‘All the Old Knives’: Chris Pine, Thandiwe Newton play hot spies revisiting a cold case

Tense thriller brings together the two highly photogenic stars in hunt for a CIA mole.

SHARE ‘All the Old Knives’: Chris Pine, Thandiwe Newton play hot spies revisiting a cold case

A CIA operative (Chris Pine) is assigned to find the mole who aided hijackers eight years ago in “All the Old Knives.”

Amazon Studios

“You’ve convinced me.”

“Of what?”

“That you’re very convincing.” – Exchange between two spies in “All the Old Knives.”

For much of the tense and well-crafted espionage thriller “All the Old Knives,” it’s just two people seated at a table in a sparsely populated upscale restaurant in idyllic Carmel-by-the-Sea, California, catching up on old times, remembering how they once loved one another—and engaging in a verbal game of chess, with each trying to anticipate the other’s next move while plotting a strategy of their own.

Chris Pine’s Henry Pelham is a veteran CIA operative who has been tasked with investigating whether a mole within the operation is responsible for a shocking tragedy some eight years ago, when a terrorist organization hijacked a Turkish airliner and killed more than 100 people on board. Thandiwe Newton is Celia Harrison, who is now living a safe and comfortable life with a wealthy husband and two young children she adores — but back in the day, she was Henry’s teammate in Vienna and also his lover, until she suddenly left Henry one morning without explanation.

‘All the Old Knives’


Amazon Studios presents a film directed by Janus Metz and written by Olen Steinhauer. Rated R (for sexuality/nudity, violence and language). Running time: 101 minutes. Opens Friday at local theaters and on Prime Video.

Henry and Celia order wine, then have a meal, then order some more wine. You can tell by the looks they give one another that there’s still love between them — and a whole lot of unanswered questions.

We alternate between present-day Carmel and Vienna in the past and meet some of the other major players from that time, including Jonathan Pryce’s Bill Compton, a senior agent who was like a father to Celia; David Dawson’s Owen Lassiter, who ran a team of codebreakers and analysts before he committed suicide, and Laurence Fishburne’s Vick Wallinger, head of the bureau in Vienna. And we see the controlled chaos taking place within the organization after Flight 127 has been hijacked, with Henry working his extensive network of sources to learn as much as he can, Celia taking a clandestine meeting with murky motives, and Bill Compton suddenly up and leaving the office, claiming an emergency at home.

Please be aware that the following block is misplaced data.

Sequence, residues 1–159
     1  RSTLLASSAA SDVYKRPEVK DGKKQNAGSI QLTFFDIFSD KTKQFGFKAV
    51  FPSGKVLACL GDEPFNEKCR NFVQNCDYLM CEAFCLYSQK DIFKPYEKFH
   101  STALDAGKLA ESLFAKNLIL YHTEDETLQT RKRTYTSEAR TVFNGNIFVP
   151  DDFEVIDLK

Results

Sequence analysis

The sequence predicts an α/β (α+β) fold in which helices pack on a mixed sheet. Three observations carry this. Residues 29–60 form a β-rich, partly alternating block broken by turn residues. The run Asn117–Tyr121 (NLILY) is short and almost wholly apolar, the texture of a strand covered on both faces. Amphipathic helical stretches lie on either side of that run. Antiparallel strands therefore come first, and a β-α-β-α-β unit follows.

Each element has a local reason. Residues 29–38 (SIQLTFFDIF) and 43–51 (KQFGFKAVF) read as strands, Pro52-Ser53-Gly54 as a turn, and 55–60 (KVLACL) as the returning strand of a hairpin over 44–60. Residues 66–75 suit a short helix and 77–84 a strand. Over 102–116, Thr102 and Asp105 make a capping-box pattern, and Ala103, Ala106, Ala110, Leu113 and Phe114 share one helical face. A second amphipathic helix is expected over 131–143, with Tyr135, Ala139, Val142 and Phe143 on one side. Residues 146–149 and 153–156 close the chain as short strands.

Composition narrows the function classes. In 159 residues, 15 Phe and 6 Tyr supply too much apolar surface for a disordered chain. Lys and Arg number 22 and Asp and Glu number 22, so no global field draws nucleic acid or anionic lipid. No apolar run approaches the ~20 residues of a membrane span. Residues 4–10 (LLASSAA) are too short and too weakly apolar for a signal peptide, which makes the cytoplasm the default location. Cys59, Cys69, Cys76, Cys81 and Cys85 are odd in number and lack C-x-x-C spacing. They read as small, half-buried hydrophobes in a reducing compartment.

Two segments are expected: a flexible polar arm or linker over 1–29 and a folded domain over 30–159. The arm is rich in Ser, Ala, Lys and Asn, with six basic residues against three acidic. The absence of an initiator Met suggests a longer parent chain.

Eight years later, the CIA has learned someone within the organization had been feeding information to the terrorists on that plane, giving them the upper hand and nullifying any chance at a rescue mission—and Henry has been assigned to the newly reopened case.

Everyone’s a suspect, in Henry’s eyes. Maybe even Celia, though he keeps telling her this is just a formality, an effort to see if Celia can remember anything that will lead him to the true culprit. And all the while, we’re along for the piecing together of this puzzle, jumping to conclusions of our own as we try to decipher the mystery along with Henry.


Thandiwe Newton plays one of the agents involved in the hijack response.

Amazon Studios

Based on the novel of the same name by Olen Steinhauer and directed with style and skill by the Danish filmmaker Janus Metz, “All the Old Knives” feels like a small-scale version of a John Le Carré adaptation, with the obligatory Spy Movie Score as perfect accompaniment to the tension-building sequences in the restaurant and the cloak-and-dagger stuff in Vienna. Pine and Newton are extremely photogenic stars and they look fantastic in that beautifully lit restaurant, but they’re also doing fine work playing two people who were once in love and probably still are in love, and realize their time together can never be recaptured. The past is coming back to haunt them in more ways than one.

The Latest
The man, 23, was sitting in his car about 2:15 a.m. Saturday when shots were fired, striking him multiple times.
The man, 32, was inside an apartment when someone he knew began firing shots about 4 a.m. Saturday.
The man had been seen waving guns and yelling racist threats from atop a building in the 4100 block of West Chicago Avenue.
Vegas is the talk of the town after earning its second Cup Final berth in the franchise’s brief history.
The Fire are proud of their U.S. Open Cup pedigree, but as they look ahead to a Tuesday quarterfinal, the franchise is trying to reverse a recent slide in the competition.